During the second week of August, a group from Kent County installed 75 computers divided among eight community youth centers on the Pine Ridge Reservation in South Dakota. Home of the Lakota (incorrectly called Sioux) people, most of the reservation is in Shannon County, which is known as the poorest county in the United States.
The project was a joint effort involving six people, Grand Valley State University (GVSU), the Rockford Rotary Club, Bostwick Lake Congregational UCC, Rockford Ace Hardware, and Van’s Delivery Service of Comstock Park.
Two years ago, GVSU planned to replace many of its personal computers. Since the disposal cost runs as high as $100 per computer, GVSU looked for nonprofit organizations that could use the computers.
Paul Jorgensen, of the School of Computing and Information Systems at GVSU, had been taking church groups to Pine Ridge since 1999, and he knew how to get things started. He contacted Carolyn Tail, wife of Eli Tail, a respected Lakota Elder. Carolyn originally lined up seven community youth centers, and in June of this year, Jorgensen visited each of them. Word spread, and an eighth community center was added (see the map).
Through much of July, Jorgensen and David Lange (also of the SCIS) transported the PCs from GVSU to a warehouse at Van’s Delivery Service, where they took each computer apart, removed the hard drives and replaced the BIOS batteries. They also used a shop vacuum to blow the five-year accumulation of dust out of each PC.
Also in July, Jorgensen and Todd Olson, vice president of Van’s, made a presentation to the Rockford Rotary Club, where both are active members. The result was a generous gift to rent a 16-foot truck from the Rockford Ace Hardware store. Pete Kruer, owner of the store, and another Rotarian, gave the group a rental truck at a discount price.
The physical work began in the first week of August, when Pat Bailey, a professor at Calvin College, and Dan and Dave Davis of the Bostwick Lake church, joined Jorgensen and Lange to inventory 80 monitors purchased from CompRenew in Grand Rapids. The monitors and PCs all had to be packed on pallets. The first try didn’t work too well, so all the monitors were removed and repacked. Andy Armstrong, a fork lift driver from Van’s, showed them how to shrink-wrap the pallets. He also loaded the five pallets onto the rental truck.
Bright and early on Saturday morning, August 8, Lange, Bailey, and the Davis brothers left for Pine Ridge. Jorgensen couldn’t go, due to travel restrictions as a consequence of the pulmonary embolism he had when he returned from Pine Ridge in June. It is about 1,080 miles from Rockford to Kyle, South Dakota—a two-day trip. The four stayed at the Lakota Prairie Motel, owned and operated by Lakota people.
The work began in earnest on Monday, August 10. They installed computer networks at the Kyle Youth Center and later at the Allen Community Center. Everett Yellow Boy, director of the Allen Community Center, was moved almost to tears when the project became a reality. Every evening, the team worked from after supper to 10 or 11 p.m., loading hard drives with the software image, assembling and testing computers for the next day, and reloading them onto the truck.
On Tuesday, they went to the Oglala Community Center at the far west end of the reservation. Later that day, they installed a network at the Evergreen Community Center, near the town of Porcupine.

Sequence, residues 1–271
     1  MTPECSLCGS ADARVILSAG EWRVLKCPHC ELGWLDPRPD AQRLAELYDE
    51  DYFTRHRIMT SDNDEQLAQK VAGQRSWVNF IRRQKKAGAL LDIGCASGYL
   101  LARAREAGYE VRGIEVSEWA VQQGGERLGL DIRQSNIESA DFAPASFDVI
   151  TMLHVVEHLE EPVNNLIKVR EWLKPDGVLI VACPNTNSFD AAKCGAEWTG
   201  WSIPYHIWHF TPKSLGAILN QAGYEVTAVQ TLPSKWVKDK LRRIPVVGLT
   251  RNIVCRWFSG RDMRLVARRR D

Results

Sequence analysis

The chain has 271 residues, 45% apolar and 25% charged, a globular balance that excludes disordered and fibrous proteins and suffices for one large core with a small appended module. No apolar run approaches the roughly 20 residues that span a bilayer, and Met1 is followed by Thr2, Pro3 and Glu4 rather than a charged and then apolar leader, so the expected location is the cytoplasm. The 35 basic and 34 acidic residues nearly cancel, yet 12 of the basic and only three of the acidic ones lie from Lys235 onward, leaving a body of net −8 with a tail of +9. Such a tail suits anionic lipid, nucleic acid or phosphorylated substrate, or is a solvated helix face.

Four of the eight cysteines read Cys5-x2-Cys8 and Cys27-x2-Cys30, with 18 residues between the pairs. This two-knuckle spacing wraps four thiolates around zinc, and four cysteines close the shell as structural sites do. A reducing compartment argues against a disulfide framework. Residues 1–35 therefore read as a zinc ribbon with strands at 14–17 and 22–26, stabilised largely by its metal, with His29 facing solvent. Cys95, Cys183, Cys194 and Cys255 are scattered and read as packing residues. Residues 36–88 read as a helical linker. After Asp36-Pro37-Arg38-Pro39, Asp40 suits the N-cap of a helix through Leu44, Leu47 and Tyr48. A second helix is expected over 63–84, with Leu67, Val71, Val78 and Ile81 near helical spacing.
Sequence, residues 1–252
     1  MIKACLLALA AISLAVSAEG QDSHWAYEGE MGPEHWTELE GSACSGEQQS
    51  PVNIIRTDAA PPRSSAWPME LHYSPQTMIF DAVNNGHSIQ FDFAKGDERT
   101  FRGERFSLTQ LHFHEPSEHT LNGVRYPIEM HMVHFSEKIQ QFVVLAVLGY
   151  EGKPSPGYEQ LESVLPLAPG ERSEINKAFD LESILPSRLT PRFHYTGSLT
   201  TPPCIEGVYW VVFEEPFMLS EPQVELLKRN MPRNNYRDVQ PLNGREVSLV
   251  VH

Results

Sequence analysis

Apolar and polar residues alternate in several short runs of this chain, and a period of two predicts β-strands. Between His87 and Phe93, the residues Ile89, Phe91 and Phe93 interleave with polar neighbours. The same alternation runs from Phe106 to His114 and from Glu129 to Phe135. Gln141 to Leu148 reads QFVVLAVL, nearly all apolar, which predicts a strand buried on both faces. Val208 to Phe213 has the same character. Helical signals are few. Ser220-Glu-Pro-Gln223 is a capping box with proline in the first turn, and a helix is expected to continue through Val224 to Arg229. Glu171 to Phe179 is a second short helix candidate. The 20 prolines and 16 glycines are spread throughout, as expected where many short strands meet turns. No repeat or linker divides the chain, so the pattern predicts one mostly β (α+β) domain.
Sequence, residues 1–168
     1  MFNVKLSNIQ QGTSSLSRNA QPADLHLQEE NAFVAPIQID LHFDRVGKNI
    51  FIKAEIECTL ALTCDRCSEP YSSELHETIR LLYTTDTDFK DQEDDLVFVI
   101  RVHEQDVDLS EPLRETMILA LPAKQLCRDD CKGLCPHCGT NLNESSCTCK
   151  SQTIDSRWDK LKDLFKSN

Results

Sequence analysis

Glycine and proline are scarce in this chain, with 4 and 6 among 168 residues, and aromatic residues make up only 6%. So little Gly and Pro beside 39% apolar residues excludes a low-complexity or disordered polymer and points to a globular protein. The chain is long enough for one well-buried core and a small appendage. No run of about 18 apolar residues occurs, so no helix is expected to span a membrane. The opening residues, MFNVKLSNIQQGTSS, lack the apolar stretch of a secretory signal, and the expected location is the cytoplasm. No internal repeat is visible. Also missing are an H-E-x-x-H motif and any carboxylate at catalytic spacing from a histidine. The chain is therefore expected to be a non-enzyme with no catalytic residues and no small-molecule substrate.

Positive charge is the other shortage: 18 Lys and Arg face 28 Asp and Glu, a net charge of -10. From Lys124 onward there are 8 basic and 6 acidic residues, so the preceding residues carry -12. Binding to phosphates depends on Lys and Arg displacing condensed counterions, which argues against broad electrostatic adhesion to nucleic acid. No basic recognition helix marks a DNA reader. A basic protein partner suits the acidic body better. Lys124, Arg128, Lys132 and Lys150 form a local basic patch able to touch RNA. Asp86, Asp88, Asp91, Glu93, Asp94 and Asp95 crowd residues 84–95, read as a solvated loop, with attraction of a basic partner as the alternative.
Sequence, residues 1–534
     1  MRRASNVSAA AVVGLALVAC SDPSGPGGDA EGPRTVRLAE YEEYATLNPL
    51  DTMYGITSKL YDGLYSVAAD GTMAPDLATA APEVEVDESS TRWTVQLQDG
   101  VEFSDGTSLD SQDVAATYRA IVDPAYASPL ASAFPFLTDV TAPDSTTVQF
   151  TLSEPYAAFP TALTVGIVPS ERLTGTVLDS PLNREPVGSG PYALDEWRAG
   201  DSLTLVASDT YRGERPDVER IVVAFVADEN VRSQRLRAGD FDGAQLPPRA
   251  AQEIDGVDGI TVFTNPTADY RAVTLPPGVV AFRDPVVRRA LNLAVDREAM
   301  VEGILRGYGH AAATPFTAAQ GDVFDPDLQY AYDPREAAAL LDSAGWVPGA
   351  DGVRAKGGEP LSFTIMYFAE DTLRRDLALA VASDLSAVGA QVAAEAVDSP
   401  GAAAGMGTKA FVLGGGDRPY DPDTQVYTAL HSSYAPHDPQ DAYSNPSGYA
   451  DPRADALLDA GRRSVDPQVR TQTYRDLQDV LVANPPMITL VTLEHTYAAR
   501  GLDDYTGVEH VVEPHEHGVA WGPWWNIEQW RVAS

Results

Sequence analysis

Wednesday was a really busy day, with installations at the Manderson Youth Center, the Wounded Knee Parent Room, and the Wounded Knee Community Center. Wednesday evening was split between setting up the remaining computers and visiting the Tail family—always a moving experience.
Thursday, the team packed up everything and headed for their last installation at the Wounded Knee Community at the far eastern end of the reservation. They then headed for North Platte, Nebraska to return the rental truck, and then headed for home, arriving late Friday night.
All four men were deeply moved by the gratitude of the Lakota people. They heard the word “wopila,” which is much more than a simple thank-you—it is an expression of deep, sincere gratitude. Sometimes staff members were moved to tears, as were the women at the Manderson Youth Center. When Lange asked where their DSL line was for their Internet connection, they replied that the center didn’t have the monthly 20 dollars for the DSL. Lange gave them 50 dollars to get them started, and they cried. There was a lot of that, which really moved the four men. One of the really moving things is how much of a difference the computers will make.
The whole project captures part of the essence of West Michigan culture. Look at the variety and extent of people and groups it took to make the whole thing happen.
Jorgensen and the four who went to Pine Ridge want to express their thanks to the following: Bob Holcomb and his crew at GVSU for the 75 computers and accessories; Paul Kehoe at CompRenew for the 80 monitors; Rockford Rotary Club President Ramona Hinton for the generous support; Pete Kruer, owner of the Rockford Ace Hardware store, for the Penske truck rental; Todd Olson, vice president of Van’s Delivery Service, for the use of their warehouse space; Andy Armstrong, also from Van’s Delivery Service, for his help in loading the truck; The Men’s Club of Bostwick Lake UCC for their donation toward truck fuel cost; friends of Dan Davis, who donated cabling and network hubs; Carolyn Tail for lining up the community youth centers; and the Puckett family at the Lakota Prairie motel for the group discount.